Joanna Newsom, the unique singer/songwriter harpist from California, has been touring for a while. After a stretch of popular concerts in the UK, a brief United States orchestral tour was arranged that took her to six cities across the country starting last October. Surprisingly enough, Milwaukee was the first city she went to. Most recently she was at the Sydney Opera House with the Sydney Symphony.Last Friday night’s show in New York City was the last one; she has no other scheduled dates and she expressed an uneasiness about that, but I’m sure there was also relief; this will give her time for much-needed rest.
The Brooklyn Academy of Music is a lovely venue. The audience was full of neatly dressed youngsters. There were even some celebrities in the crowd — we noticed Maggie Gyllenhaal among the few. It was a very homogeneous crowd of mostly white, “alternative”-looking people. This was especially interesting considering that we were in the very diverse borough of Brooklyn. But this isn’t surprising because music seems to have a way of conveniently organizing people into neat categories.
The first half of the concert was, as in Milwaukee, a complete performance of her 2006 release, “YS,” from start to finish, but this time with the wonderful Brooklyn Philharmonic conducted by Michael Christie.
When she introduced herself I could tell that her voice was a little shot, and her vocal performance was noticeably different than it was on the album. But this didn’t hinder her too much. From the beginning of “Emily” to the end of “Cosmia,” the songs were executed very nicely even if she was often critical of herself, apologizing after a few performances. The audience certainly didn’t mind. We were entranced the entire time and the tremendous weight of the music moved a lot of people to tears.
When she finished performing “YS,” there was a 15-minute intermission that gave all the youngsters an opportunity to run outside and smoke cigarettes. After the intermission she returned in a very bright short pink dress that incited a few members of the audience to whistle and cheer. The second half the show was similar to what we heard in Milwaukee, a few songs from her first album and a performance of her new song “Colleen” from an EP released last year. In addition to the new untitled song that she performed in Milwaukee, there was another song, also untitled, that she performed in Brooklyn. The first of these new compositions was very quiet and reminiscent of the music of her first album. The second song had a lot more energy and sounded a bit more like “Colleen.”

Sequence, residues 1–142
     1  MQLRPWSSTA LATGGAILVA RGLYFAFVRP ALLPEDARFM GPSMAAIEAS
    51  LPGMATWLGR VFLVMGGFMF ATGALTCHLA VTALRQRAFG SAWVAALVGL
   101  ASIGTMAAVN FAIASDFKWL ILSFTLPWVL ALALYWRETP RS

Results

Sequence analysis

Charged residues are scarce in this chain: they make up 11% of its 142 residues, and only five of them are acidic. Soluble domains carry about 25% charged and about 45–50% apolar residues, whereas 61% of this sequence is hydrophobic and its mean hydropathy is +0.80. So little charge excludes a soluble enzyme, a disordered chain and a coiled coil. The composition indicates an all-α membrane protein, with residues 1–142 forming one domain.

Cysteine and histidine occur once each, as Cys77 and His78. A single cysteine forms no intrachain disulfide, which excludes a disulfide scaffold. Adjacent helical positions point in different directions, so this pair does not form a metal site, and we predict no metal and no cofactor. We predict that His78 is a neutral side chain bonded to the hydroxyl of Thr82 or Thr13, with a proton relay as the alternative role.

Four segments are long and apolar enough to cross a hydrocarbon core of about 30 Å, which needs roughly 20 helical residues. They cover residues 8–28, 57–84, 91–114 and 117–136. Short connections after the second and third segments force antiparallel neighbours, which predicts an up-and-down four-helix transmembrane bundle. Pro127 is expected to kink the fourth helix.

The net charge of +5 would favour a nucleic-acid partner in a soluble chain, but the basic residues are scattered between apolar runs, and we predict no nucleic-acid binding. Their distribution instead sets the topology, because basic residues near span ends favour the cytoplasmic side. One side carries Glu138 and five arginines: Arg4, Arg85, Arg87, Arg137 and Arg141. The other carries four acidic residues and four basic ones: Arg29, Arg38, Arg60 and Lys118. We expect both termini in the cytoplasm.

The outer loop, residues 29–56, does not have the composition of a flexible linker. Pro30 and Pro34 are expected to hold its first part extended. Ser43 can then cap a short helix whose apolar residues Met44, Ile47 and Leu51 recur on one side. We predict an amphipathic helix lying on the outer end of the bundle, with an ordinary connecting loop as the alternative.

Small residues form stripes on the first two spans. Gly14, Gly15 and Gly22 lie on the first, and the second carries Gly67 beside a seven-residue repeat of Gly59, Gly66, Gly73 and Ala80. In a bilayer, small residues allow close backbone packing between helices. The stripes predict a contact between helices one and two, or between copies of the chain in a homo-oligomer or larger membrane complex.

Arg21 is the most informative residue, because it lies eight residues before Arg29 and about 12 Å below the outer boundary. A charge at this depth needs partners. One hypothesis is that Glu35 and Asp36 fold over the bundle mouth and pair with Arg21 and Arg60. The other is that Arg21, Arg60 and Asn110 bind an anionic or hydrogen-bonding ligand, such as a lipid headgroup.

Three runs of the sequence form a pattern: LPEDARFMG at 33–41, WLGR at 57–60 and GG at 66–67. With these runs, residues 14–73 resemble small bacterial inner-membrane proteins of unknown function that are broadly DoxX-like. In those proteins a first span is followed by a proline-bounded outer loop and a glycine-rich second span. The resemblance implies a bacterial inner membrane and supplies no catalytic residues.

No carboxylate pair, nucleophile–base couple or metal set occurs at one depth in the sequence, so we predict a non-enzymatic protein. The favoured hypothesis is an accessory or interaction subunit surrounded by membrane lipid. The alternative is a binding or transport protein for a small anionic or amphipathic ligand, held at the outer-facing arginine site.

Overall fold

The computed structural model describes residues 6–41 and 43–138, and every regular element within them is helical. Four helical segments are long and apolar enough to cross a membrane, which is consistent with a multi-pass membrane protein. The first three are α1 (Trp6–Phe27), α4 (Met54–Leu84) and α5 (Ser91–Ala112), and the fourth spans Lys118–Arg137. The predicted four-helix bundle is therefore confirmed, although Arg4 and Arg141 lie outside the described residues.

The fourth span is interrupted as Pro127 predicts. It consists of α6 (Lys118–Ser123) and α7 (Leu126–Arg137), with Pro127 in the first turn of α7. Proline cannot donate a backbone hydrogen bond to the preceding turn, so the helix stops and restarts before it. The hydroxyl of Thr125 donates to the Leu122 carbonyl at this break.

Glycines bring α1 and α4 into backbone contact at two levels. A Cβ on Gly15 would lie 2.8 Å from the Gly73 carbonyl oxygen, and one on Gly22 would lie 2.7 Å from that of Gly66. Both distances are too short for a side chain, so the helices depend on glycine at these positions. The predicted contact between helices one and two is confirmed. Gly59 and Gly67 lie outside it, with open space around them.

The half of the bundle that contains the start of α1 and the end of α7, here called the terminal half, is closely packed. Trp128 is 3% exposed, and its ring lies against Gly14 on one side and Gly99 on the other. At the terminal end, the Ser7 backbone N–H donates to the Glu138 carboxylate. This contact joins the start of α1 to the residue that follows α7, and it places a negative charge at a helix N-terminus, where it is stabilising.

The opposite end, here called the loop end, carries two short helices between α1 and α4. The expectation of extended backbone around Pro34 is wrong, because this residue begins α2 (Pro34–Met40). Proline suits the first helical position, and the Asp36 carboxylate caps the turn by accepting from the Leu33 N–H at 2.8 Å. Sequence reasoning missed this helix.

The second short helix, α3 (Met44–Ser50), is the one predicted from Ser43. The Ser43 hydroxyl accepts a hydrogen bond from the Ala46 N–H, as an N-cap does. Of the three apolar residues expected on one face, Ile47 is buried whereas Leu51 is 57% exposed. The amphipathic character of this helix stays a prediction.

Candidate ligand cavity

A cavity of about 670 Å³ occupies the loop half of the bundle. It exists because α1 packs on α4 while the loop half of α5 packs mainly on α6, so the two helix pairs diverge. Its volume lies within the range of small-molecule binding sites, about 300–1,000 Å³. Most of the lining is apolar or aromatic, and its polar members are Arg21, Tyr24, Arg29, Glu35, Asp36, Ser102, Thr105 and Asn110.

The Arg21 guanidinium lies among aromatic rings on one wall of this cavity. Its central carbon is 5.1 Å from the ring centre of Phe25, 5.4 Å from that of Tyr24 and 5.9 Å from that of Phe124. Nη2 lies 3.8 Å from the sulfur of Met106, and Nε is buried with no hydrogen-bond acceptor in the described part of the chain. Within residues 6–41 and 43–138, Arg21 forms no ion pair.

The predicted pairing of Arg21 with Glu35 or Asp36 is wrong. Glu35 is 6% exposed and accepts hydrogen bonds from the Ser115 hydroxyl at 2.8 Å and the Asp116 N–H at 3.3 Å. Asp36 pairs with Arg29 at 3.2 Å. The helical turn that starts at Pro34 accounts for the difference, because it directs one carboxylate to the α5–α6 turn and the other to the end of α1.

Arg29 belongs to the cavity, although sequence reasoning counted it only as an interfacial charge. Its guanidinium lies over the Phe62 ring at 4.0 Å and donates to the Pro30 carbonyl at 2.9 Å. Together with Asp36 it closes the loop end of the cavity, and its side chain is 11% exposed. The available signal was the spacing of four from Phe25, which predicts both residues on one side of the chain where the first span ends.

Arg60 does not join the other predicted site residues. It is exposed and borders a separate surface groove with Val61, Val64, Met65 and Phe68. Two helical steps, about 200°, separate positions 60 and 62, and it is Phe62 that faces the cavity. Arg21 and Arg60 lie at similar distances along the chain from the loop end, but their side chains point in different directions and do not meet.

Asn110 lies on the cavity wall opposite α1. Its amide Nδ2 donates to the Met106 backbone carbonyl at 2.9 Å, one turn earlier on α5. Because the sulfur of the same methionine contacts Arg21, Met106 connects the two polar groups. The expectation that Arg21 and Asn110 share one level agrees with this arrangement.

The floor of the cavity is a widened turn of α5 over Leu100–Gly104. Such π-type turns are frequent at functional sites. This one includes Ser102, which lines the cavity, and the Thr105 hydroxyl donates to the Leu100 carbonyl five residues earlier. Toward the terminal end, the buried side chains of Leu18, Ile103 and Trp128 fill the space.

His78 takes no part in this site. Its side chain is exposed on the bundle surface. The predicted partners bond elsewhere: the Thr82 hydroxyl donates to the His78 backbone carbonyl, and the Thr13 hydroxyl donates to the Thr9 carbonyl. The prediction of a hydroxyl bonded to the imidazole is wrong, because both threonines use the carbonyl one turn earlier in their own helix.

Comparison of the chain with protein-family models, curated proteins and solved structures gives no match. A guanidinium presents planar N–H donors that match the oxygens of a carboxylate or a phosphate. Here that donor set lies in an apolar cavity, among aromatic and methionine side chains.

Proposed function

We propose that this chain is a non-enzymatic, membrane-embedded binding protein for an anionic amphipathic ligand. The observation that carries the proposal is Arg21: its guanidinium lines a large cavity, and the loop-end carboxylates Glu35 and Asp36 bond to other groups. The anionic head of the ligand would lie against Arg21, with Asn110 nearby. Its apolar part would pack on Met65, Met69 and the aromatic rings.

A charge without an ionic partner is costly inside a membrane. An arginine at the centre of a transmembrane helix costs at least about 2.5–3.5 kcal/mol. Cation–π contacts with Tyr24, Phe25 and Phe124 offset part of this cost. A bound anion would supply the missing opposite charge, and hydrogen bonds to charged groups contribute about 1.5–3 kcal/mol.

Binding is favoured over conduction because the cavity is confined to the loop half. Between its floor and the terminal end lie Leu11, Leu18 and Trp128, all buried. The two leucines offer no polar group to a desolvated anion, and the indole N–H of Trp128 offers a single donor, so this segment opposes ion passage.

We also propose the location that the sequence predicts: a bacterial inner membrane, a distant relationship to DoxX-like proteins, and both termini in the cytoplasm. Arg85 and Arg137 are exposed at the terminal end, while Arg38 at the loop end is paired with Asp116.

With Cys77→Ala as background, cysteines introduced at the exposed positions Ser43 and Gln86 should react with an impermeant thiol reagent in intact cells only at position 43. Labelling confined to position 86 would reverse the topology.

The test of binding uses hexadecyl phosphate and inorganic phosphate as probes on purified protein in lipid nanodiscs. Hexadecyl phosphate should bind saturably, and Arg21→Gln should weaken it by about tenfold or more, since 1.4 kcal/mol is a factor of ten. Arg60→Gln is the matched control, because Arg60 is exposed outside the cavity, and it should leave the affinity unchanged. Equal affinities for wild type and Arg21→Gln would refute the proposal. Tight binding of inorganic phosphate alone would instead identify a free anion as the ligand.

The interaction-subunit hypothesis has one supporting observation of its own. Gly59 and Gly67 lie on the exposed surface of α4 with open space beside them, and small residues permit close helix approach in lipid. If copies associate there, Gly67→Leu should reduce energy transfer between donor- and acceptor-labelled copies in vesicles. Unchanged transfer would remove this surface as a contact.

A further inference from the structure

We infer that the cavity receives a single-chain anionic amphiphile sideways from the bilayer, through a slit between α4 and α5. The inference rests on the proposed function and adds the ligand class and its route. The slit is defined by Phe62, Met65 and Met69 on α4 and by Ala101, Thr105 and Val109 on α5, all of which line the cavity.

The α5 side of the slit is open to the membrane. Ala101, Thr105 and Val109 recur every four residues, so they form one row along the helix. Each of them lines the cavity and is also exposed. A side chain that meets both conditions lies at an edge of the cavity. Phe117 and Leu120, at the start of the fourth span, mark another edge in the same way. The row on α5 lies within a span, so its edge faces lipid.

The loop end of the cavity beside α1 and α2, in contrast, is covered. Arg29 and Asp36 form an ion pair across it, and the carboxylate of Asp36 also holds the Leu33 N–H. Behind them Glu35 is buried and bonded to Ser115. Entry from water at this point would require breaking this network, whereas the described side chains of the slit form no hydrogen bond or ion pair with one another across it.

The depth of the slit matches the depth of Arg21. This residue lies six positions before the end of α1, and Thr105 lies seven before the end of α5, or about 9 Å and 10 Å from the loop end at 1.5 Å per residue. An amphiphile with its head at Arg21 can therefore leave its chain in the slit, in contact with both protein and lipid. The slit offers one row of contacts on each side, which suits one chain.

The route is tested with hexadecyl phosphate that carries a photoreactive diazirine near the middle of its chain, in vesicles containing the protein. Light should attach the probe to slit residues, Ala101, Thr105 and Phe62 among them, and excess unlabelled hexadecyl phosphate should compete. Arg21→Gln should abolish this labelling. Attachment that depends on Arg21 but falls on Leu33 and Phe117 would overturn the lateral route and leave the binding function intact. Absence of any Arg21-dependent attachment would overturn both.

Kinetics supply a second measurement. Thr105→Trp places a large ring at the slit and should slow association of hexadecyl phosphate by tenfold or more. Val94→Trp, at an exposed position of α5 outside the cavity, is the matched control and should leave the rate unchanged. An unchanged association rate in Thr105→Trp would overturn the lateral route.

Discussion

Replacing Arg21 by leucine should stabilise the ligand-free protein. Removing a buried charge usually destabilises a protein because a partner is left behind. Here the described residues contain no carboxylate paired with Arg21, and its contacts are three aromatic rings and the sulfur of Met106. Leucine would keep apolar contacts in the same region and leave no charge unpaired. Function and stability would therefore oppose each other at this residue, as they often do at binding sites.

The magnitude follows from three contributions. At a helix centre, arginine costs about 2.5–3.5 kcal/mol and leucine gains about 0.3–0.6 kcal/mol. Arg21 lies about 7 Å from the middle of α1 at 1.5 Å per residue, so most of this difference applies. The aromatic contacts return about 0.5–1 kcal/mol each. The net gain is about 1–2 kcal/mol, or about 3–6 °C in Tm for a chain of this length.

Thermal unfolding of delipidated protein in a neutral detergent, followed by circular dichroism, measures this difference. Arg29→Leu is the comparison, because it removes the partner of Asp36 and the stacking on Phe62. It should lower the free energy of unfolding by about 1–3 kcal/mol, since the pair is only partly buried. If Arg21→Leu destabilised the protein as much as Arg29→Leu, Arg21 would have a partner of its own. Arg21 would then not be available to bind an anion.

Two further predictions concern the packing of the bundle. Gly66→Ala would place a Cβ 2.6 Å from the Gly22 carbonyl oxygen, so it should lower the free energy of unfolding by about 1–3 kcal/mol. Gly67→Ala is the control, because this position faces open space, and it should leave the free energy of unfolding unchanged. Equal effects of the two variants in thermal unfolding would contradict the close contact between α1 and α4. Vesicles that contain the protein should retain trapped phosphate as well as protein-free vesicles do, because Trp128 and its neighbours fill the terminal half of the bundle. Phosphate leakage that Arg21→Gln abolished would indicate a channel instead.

Joanna Newsom was very casual and comfortable on stage. She shared a few anecdotes with us: while she was in Europe someone kept requesting “Sprout and the Bean” but she couldn’t perform it because, she says, she’s forgotten how. She told us about how she cut her own hair earlier that day and was afraid that her hairdresser (in the audience) would get upset. She also saved a little time to remind us to vote for Obama. She spent five minutes telling us why he was the best candidate, and her drummer had a few words to say on that topic too. Several members of the audience cheered, while others were clearly uncomfortable.
Joanna Newsom is consistently satisfying. The next time she comes to a nearby city you should go check her out, unfortunately it may be a while until it happens again.